Allophylus (Allophylus rhomboidalis)

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Allophylus rhomboidalis foliage
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Allophylus fact file

Allophylus description

KingdomPlantae
PhylumTracheophyta
ClassMagnoliopsida
OrderSapindales
FamilySapindaceae
GenusAllophylus (1)

Allophylus rhomboidalis is a small tree native to Henderson Island and French Polynesia in the southern Pacific Ocean (2). It is a member of the Sapindaceae family of flowering plants, which comprises around 141 genera and 1,900 species worldwide. These plants usually have pinnate leaves and small, unisexual flowers that are arranged into inflorescences (3).

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Allophylus biology

Very little is known about the specific biology of Allophylus rhomboidalis. However, plants in the family Sapindaceae are most often pollinated by birds or insects, and produce a fruit that is either fleshy or dry (3).

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Allophylus range

Allophylus rhomboidalis is native to Henderson Island and French Polynesia, where it occurs on the Society Islands and the Tubai Islands (1).

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Allophylus habitat

On Henderson Island, Allophylus rhomboidalis is found in the island’s interior in forests of Pisonia (1).

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Allophylus status

Allophylus rhomboidalis is classified as Least Concern (LC) on the IUCN Red List (1).

IUCN Red List species status – Least Concern

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Allophylus threats

Occupying small, remote islands, Allophylus rhomboidalis is extremely vulnerable to any detrimental activities within its restricted range. Like many other floral species on these isolated islands, Allophylus rhomboidalis is highly vulnerable to competition for natural resources with introduced exotic species. On Tubai for example, the fruit tree Psidium cattleianum is a particularly problematic non-native species. On Henderson Island, where a population of only around 100 plants exists, natural habitats are threatened by coconut planting and the unsustainable harvesting of certain tree species for timber by neighbouring Pitcairn Islanders (4) (5).

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Allophylus conservation

On Henderson Island, a conservation priority for many floral species is encouraging visitors to limit coconut planting. Measures must also be taken to prevent the further introduction of exotic species (4)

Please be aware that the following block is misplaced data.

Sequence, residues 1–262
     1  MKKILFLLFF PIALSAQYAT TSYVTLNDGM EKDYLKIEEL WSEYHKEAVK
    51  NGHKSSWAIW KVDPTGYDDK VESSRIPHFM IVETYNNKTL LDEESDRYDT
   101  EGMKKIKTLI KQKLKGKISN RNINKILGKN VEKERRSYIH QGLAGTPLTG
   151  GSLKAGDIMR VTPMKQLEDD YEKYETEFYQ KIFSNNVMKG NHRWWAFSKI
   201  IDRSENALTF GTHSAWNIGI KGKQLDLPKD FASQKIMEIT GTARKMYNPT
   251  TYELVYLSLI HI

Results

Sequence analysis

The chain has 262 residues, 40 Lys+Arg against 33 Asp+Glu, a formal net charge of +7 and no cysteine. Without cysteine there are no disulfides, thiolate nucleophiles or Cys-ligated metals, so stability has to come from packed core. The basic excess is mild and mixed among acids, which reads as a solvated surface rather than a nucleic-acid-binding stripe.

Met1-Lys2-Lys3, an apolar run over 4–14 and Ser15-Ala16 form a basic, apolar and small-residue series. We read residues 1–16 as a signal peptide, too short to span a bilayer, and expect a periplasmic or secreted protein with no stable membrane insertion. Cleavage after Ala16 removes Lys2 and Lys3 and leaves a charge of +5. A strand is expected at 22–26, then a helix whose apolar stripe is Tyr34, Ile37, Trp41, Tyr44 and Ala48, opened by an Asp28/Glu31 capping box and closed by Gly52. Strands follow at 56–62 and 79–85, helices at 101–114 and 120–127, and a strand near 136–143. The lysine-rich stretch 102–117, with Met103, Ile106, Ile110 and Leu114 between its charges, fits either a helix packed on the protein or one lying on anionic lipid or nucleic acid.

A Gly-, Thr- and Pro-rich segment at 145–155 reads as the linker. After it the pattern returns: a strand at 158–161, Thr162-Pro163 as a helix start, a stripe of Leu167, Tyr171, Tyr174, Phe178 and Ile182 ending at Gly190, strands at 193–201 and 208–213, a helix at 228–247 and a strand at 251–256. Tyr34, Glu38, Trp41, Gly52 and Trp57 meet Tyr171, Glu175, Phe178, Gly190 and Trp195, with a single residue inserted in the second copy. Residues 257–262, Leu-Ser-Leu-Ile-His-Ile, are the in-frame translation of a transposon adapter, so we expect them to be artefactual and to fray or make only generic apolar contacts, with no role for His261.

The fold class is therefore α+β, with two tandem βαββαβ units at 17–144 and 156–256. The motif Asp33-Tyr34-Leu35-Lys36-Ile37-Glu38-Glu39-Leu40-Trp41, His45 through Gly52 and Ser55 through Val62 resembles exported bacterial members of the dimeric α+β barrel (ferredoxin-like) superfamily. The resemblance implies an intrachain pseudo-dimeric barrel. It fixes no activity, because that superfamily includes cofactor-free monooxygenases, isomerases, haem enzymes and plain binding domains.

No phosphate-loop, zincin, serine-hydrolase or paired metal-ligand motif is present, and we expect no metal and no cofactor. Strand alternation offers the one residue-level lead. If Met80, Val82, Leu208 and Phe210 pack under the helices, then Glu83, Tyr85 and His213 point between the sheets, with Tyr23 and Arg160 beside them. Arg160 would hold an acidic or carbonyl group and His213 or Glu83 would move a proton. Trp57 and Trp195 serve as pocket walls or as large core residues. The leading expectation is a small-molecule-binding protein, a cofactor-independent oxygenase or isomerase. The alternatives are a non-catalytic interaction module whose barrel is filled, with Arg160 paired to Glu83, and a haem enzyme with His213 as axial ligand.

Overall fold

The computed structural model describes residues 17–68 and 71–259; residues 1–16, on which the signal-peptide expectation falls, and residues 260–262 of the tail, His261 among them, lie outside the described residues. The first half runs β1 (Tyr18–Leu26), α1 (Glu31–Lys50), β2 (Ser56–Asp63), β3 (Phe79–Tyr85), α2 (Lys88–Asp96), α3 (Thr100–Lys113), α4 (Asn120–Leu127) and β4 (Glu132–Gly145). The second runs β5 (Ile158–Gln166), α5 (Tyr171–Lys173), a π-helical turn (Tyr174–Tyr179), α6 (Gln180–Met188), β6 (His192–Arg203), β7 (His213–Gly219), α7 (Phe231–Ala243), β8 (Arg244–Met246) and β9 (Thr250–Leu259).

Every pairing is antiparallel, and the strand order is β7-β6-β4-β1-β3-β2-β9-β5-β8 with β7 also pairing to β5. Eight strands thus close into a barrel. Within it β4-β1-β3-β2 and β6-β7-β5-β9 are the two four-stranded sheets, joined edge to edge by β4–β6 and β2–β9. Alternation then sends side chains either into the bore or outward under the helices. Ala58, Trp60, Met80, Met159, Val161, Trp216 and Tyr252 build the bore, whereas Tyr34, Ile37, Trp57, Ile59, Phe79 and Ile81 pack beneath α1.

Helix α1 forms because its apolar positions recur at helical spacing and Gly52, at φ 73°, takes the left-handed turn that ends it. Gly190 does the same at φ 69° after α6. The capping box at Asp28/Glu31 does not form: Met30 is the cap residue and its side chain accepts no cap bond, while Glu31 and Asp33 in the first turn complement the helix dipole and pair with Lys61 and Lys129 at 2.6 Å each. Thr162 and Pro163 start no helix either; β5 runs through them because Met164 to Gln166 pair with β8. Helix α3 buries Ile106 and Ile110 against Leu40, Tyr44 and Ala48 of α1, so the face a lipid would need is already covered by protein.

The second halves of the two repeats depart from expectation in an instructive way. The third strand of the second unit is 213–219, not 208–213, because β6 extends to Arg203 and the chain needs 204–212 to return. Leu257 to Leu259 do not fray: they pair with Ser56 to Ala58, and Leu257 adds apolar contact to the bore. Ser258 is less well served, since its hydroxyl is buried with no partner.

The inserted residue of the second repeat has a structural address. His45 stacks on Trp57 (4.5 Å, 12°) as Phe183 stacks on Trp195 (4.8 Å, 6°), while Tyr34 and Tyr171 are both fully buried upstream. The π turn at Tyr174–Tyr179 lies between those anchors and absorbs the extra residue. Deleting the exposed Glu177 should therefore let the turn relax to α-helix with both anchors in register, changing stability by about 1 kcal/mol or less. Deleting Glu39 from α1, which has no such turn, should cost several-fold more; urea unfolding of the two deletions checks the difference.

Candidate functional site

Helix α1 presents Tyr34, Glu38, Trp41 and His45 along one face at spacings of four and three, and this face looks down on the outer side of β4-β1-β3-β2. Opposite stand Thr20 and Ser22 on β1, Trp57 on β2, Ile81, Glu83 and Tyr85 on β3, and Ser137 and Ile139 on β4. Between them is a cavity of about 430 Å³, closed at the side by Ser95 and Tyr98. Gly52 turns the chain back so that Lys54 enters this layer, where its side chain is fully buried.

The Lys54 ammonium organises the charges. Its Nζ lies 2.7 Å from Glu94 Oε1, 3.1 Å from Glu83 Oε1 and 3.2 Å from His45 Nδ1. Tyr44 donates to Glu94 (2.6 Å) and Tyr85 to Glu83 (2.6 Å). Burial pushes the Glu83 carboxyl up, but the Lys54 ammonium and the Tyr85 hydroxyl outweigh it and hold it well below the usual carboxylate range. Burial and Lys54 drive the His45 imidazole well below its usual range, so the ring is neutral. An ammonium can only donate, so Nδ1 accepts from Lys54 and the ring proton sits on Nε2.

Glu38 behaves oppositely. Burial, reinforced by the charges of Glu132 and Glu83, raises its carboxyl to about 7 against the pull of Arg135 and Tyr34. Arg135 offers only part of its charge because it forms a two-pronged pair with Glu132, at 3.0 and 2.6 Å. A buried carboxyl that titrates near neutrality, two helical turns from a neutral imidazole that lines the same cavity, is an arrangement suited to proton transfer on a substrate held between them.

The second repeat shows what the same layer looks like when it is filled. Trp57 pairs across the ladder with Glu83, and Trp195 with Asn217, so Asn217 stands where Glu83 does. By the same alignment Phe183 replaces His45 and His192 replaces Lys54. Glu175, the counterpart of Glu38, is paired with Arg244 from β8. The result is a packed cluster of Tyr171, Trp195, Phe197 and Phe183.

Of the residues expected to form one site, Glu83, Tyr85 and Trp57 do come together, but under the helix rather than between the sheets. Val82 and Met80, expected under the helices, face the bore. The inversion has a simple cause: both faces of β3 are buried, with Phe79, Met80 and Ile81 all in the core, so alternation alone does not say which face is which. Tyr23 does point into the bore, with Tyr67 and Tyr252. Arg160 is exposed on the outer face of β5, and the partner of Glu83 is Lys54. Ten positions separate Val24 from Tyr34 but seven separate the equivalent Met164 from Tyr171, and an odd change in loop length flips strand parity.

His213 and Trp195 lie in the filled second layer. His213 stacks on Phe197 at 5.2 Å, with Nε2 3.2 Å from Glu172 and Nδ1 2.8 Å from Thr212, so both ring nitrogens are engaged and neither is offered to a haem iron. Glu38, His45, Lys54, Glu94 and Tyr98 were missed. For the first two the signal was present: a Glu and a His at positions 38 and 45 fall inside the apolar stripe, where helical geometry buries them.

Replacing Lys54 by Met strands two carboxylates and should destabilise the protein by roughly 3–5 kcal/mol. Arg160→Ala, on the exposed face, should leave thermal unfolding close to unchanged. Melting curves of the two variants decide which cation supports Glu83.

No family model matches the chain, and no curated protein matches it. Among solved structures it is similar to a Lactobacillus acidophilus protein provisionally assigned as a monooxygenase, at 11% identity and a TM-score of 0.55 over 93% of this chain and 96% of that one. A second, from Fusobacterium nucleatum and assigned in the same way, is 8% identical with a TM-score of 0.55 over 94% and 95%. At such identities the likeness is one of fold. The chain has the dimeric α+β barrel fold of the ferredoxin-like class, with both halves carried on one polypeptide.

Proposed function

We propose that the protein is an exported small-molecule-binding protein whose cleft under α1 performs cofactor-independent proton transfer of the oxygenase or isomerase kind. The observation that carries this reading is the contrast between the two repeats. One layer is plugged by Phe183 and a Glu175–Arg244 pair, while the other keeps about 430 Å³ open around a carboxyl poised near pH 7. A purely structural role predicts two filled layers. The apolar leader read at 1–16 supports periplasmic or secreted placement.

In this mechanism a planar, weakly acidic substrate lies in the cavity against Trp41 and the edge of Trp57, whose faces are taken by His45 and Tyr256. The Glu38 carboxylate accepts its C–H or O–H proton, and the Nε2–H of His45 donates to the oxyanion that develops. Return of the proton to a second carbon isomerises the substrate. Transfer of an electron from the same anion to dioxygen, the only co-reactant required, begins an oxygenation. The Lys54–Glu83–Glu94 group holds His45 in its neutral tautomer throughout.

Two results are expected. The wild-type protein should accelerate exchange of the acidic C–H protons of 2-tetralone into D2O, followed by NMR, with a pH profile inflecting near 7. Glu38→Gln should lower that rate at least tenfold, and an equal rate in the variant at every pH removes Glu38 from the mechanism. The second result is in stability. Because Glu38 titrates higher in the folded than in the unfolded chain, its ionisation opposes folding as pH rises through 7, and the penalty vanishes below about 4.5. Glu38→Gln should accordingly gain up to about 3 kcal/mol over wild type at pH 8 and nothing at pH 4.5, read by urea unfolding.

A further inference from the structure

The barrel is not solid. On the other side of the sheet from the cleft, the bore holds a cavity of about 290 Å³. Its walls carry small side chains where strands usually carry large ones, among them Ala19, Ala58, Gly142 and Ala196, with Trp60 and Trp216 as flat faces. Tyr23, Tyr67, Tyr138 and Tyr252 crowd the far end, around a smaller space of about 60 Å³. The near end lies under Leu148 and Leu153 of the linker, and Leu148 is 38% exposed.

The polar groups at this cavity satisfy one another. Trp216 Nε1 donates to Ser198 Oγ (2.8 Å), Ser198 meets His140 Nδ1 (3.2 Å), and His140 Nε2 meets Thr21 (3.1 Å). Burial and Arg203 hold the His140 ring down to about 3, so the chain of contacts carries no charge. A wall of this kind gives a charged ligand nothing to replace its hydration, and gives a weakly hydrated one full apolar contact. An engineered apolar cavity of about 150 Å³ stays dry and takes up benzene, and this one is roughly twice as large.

ARKive is supported by OTEP, a joint programme of funding from the UK FCO and DFID which provides support to address priority environmental issues in the Overseas Territories, and Defra
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Find out more

Find out more about conservation on Henderson Island:

  • Brooke, M. de L., Hepburn, I. and Trevelyan, R. (2004) Henderson Island World Heritage Site: Management Plan 2004-2009. Foreign and Commonwealth Office/Pitcairn Islands Administration/JNCC, U.K. Available at:
    http://www.ukotcf.org/pdf/henderson.pdf
  • Procter, D. and Fleming, L.V. (1999) Biodiversity: the UK Overseas Territories. Joint Nature Conservation Committee, Peterborough, UK.
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Authentication

This information is awaiting authentication by a species expert, and will be updated as soon as possible. If you are able to help please contact:
arkive@wildscreen.org.uk

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Glossary

Genus (Genera)
A category used in taxonomy, which is below ‘family’ and above ‘species’. A genus tends to contain species that have characteristics in common. The genus forms the first part of a ‘binomial’ Latin species name; the second part is the specific name.
Inflorescence
The reproductive shoot of a plant, which bears a group or cluster of flowers.
Pinnate
In plants, a compound leaf where the leaflets (individual ‘leaves’) are found on either side of the central stalk.
Pollinated
To transfer pollen grains from the stamen (male part of a flower) to the stigma (female part of a flower) of a flowering plant. This usually leads to fertilisation, the development of seeds and, eventually, a new plant.
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References

  1. IUCN Red List (March, 2011)
    http://www.iucnredlist.org/
  2. Florence, J., Waldren, S. and Chepstow-Lusty, A.J. (1995) The flora of the Pitcairn Islands: a review. Biological Journal of the Linnean Society, 56: 79-119.
  3. Royal Botanic Gardens, Kew (March, 2011)
    http://www.kew.org/science/tropamerica/neotropikey/families/Sapindaceae.htm
  4. Waldren, S., Florence, J. and Chepstow-Lusty, A.J. (1995) Rare and endemic plants of the Pitcairn Islands, south-central Pacific Ocean: a conservation appraisal. Biological Conservation, 74: 83-98.
  5. Brooke, M. de L., Hepburn, I. and Trevelyan, R. (2004) Henderson Island World Heritage Site: Management Plan 2004-2009. Foreign and Commonwealth Office/Pitcairn Islands Administration/JNCC, U.K. Available at:
    http://www.ukotcf.org/pdf/henderson.pdf
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Image credit

Allophylus rhomboidalis foliage  
Allophylus rhomboidalis foliage

© Ravahere Taputuarai

Ravahere Taputuarai
rtaputuarai@gmail.com

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